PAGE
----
The outcomes of the proposed work will help with our understanding of genome replication and the human diseases associated with its dysregulation, including cancer. Genomic regions associated with replication fork stalling are hotspots for rearrangements in cancer, while proteasome inhibitors and drugs that modulate ubiquitylation are used in cancer chemotherapy. Biomedical implications of this work fit within the BBSRC's Strategic Research Priority 3 ("Bioscience for health") and NSF Division of Molecular and Cellular Biosciences (MCB) priority "to promote understanding of complex living systems at the molecular, subcellular, and cellular levels".

The proposed work has implications for industrial biotechnology. Haloferax volcanii originates from the Dead Sea and it maintains an osmotic balance with its environment by accumulating molar salt concentrations in its cytoplasm. Enzymes from H. volcanii are adapted to function in high salt and this makes them of great value to biotechnology companies. Biotechnology implications of this work fit within the BBSRC's Strategic Research Priority 2 "Bioenergy and industrial biotechnology" and NSF priorities in the Catalysis and Biocatalysis program.

How will they benefit from this research?

The project aims to understand how DNA replication fork restart by homologous recombination is modulated by ubiquitin-like protein modification. There are striking parallels between origin-less H. volcanii and cancer cells - polyploidy, accelerated growth and unregulated replication. We anticipate that our results will be informative about the restart of stalled replication forks in humans, since the key enzymes involved in replication are conserved between archaea and humans. Therefore, this project could help uncover new enzymes that are involved in unregulated DNA replication in cancer cells - this would be a step towards improved therapeutic intervention.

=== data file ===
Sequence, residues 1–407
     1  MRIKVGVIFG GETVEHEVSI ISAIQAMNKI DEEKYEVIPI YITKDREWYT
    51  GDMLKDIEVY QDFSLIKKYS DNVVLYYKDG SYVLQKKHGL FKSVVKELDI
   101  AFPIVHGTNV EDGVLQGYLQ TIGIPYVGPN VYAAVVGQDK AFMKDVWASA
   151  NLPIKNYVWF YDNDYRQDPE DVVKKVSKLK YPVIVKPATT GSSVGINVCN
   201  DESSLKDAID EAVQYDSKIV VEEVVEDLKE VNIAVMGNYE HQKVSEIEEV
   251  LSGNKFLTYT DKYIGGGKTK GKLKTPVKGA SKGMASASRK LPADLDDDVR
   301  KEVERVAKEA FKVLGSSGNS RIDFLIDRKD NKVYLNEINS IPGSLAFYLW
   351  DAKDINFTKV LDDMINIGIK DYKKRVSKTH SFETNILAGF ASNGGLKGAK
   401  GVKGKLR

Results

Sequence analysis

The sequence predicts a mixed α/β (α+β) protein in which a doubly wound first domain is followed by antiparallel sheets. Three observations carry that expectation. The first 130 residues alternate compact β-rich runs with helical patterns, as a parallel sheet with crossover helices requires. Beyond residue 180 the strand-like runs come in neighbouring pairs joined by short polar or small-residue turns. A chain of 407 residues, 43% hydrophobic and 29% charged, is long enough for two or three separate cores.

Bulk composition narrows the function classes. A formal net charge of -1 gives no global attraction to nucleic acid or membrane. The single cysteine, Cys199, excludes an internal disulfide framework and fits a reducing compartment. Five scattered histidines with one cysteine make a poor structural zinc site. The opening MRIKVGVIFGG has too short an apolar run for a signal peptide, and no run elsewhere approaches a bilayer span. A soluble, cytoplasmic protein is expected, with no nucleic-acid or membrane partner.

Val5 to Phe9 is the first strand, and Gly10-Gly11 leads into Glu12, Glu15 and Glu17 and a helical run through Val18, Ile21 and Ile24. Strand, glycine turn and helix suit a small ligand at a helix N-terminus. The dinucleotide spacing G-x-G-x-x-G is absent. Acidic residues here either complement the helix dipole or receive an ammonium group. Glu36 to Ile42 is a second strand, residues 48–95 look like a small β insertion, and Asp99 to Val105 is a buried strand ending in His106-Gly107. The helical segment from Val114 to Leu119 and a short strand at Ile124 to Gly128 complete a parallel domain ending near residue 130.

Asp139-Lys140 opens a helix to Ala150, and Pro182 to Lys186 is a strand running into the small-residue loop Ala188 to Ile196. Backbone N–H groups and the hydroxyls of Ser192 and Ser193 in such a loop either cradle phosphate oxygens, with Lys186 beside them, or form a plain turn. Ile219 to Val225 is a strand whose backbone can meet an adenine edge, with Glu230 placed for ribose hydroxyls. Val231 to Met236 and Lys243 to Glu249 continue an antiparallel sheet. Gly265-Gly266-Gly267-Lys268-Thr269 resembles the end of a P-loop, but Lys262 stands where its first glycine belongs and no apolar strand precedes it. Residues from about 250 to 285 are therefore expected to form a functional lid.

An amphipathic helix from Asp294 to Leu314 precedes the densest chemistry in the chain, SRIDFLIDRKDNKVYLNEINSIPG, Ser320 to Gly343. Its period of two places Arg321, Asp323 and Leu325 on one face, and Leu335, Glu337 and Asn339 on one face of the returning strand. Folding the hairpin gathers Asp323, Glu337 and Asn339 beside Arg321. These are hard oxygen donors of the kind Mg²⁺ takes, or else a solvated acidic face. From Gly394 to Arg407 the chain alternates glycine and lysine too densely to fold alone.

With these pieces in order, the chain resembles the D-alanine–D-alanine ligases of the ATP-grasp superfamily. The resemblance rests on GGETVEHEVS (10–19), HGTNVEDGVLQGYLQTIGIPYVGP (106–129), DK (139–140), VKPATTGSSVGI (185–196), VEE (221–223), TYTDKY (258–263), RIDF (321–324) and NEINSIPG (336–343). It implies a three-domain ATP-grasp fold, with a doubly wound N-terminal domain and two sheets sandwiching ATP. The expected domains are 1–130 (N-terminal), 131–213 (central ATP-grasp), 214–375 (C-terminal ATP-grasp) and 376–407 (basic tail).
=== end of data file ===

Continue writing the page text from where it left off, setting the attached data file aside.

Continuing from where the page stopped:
Regarding the potential for industrial biotechnology, Drs Allers and Loose already collaborate with Oxford Nanopore Technologies Ltd. The new enzymes we will uncover could include DNA polymerases, nucleases and helicases, which have numerous applications in DNA sequencing technologies. Industrial collaborators such as INVISTA Textiles Ltd have been keen to exploit our expertise in expressing halophilic proteins in H. volcanii. If commercially viable outcomes arise, steps towards exploitation will be taken in partnership with commercialisation services at the Universities of Nottingham and Florida.

What will be done to ensure that they have the opportunity to benefit from this research?

In addition to traditional routes of publication, the outcomes from this project will be communicated through our web pages, social media, the press offices of the Universities of Nottingham and Florida, local schools and science discussion groups, and the BBSRC and NSF media offices. Potential future health benefits will be exploited via colleagues from the medical sciences and in partnership with commercialisation services at the Universities of Nottingham and Florida.

Professional development for staff working on the project

The project offers many opportunities for the postdoctoral researcher and graduate student to acquire new skills. The collaborative nature of the research will expose both individuals to biochemical, genetic and genomic techniques. Training in proteomics, flow cytometry and microscopy will be provided. Scientific communication skills will be fostered by presenting the research at seminars, conferences, and to the public. Appropriate training will be provided by science outreach programmes, at a Genetics Society Workshop on 'Communicating Your Science' and through the UF Career Resource Centre. Training for the researcher and student will be coupled with effective careers advice so that the benefits to the UK and USA can be maximized.